MEXICO CITY — Canned white asparagus. Spanish serrano ham. Sushi rice. It's the fancy imports, says Claudia Gonzalez, that bring her to Comercial Mexicana, the nation's No. 3 retailer.
But this day, she also picked up an industrial-sized bag of diapers.
"The diapers are probably cheaper at Wal-Mart, but you can't get any of this other stuff there," says Ms. Gonzalez, unloading an overflowing cart in the parking lot of one of Wal-Mart's top competitors in Mexico. Then her voice drops. "The people at Wal-Mart just aren't like me," she whispers.
Ms. Gonzalez spends $100 a week on groceries, four times what a minimum-wage worker earns in that time. And while not exactly politically correct, her attitude could be the key to survival for Comercial and a half-dozen "big box" chains that are urgently testing new strategies after nearly a decade of trying to keep up with Wal-Mart.
Having learned that they can't go mano-a-mano with the world's retail champ, hundreds of stores here are busily upscaling - adding cozy cafes and stocking fine cheeses, gourmet dog food, and seasonal specialty items - an alternative strategy based on hard-won experience. "Nobody can beat Walmex. It is and will continue to be the dominant competitor here," says Joaquin Ley, an analyst at Santander Investments. "Instead, everyone else is racing to differentiate themselves."
Indeed, since a consolidation in 1997, Wal-Mart de Mexico SA, or Walmex, the Mexican extension of its Arkansas-based parent, has steadily gobbled up everything in its path, posting soaring numbers - sales increased 10.5 percent last year - and pouring piles of cash into growth with trademark intensity. Today, Walmex runs 411 retailers and 285 restaurants, is Mexico's largest private employer, and has the second-highest market capitalization of any company on Mexico's stock exchange.
Its most recent victim is Carrefour, the world's No. 2 retailer after Wal-Mart. The French company announced late last Thursday that it would sell all its 29 Mexican stores, plus two under construction, to Chedraui, the country's sixth-largest chain, for a rumored $545 million. The retreat comes only two years after Auchan, the world's 23rd-largest retailer, also gave up on Mexico.
Eager to avoid such a fate, Soriana, Mexico's second-largest chain, says it will invest more than $300 million this year, and will fill its stores with what director of strategic planning Pedro Mejia calls "perks and improvements." It also plans an enormous emphasis on customer service. "Until 2003, we only had one format: trying to get all clients," he says. "Now our new stores are oriented to a higher socioeconomic level."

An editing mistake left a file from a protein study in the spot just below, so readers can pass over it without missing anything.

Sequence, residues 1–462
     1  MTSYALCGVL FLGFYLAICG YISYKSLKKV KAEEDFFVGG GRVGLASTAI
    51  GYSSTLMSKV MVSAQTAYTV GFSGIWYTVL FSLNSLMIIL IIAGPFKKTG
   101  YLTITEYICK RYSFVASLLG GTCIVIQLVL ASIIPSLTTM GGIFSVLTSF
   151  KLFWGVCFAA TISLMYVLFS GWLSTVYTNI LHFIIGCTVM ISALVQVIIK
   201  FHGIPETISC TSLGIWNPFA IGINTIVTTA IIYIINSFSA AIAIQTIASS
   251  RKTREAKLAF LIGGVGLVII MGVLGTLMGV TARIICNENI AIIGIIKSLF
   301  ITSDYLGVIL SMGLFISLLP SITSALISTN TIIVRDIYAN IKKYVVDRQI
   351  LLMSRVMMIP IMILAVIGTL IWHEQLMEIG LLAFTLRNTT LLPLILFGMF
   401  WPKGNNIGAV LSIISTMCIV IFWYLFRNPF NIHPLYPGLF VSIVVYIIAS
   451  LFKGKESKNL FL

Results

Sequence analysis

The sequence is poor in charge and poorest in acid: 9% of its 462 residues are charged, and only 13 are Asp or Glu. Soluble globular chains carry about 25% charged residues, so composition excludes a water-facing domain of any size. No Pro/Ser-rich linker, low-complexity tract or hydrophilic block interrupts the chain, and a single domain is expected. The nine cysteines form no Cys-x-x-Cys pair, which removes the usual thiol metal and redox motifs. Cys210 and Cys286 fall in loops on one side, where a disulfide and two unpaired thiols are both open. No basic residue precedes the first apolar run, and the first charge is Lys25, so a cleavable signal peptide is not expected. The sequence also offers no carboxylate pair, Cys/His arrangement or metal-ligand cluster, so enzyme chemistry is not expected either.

On top of working to maintain a somewhat fancier atmosphere, with more expensive stores in wealthier neighborhoods, both Soriana and Comercial Mexicana have begun developing their own lines of higher-end products, a strategy analysts say was inspired by US chains like Target.
It's a bold move, especially in a country where 70 percent of the population lives below the poverty line. But it could simply be a pragmatic approach to a marketplace where many people are already convinced that Wal-Mart's famous "Everyday Low Prices" are unbeatable.
"I shop at Wal-Mart because it's cheaper. Across the board, everything costs less here," says Maria Eugenia Zubiria, holding aloft a box of Special K cereal that actually costs nearly 5 pesos less at the Comercial Mexicana three blocks away. The perception that Wal-Mart is unbeatable on price is the store's best ally here. But in reality, thanks to a year-old buying alliance between Comercial Mexicana, Soriana, and the chain Gigante, prices for common groceries are essentially identical at Wal-Mart's competitors.
In contrast to chains like Soriana, there are other retailers who don't yet want to give up on the Mexican masses. Among them is Gigante, Mexico's fourth-largest big-box chain, which has most closely mirrored Walmex's strategy, peppering the airwaves with commercials touting falling prices.
Like Walmex, the majority of Gigante's stores are in the dense central areas of Mexico, particularly Mexico City. Also like Walmex, which also runs Sam's Club and the chain Bodega Aurrera, Gigante has tried to appeal to blue-collar consumers.
On top of 127 flagship Gigante stores, it has 34 Super G and 28 Bodega Gigante big boxes, which look and feel nearly identical to Bodega Aurrera, with its smaller selection and emphasis on food staples.
Despite the stiff competition from Walmex, Gigante says it will invest $90 million this year, while others, like Soriana and Chedraui, will break into the key Mexico City market this year.
It's a bold move in a country where millions of shoppers are like Virginia Soto, a retiree who never sets foot in a big-box store. "I'm just not used to them," says Ms. Soto, who buys all her food in a weekly street market near her house. "I'm not about to go anywhere else."
Yet Soto is the type of person that the chains are increasingly targeting. The big retailers point out that fully one half of the retail market belongs to "irregular" commerce like public street markets. And in this Coca Cola-crazy country, only 30 percent of soft-drink sales are in big box stores, according to Mr. Ley.
"There's a lot of room for growth, because this society is changing," says Carlos Ruiz, professor at the Pan-American Institute of Business Administration. "We're seeing a change in ages and in habits of consumption. More and more, Mexico is going to become oriented to [big box] stores."
And many are destined to be Wal-Marts. Walmex captured about a quarter of the retail market last year. This year it will invest $750 million, more than all its competitors combined, opening 70 new stores, according to Walmex spokesman Raul Arguelles. "Expect many, many more square meters of Wal-Mart sales floor in Mexico in the future," he says.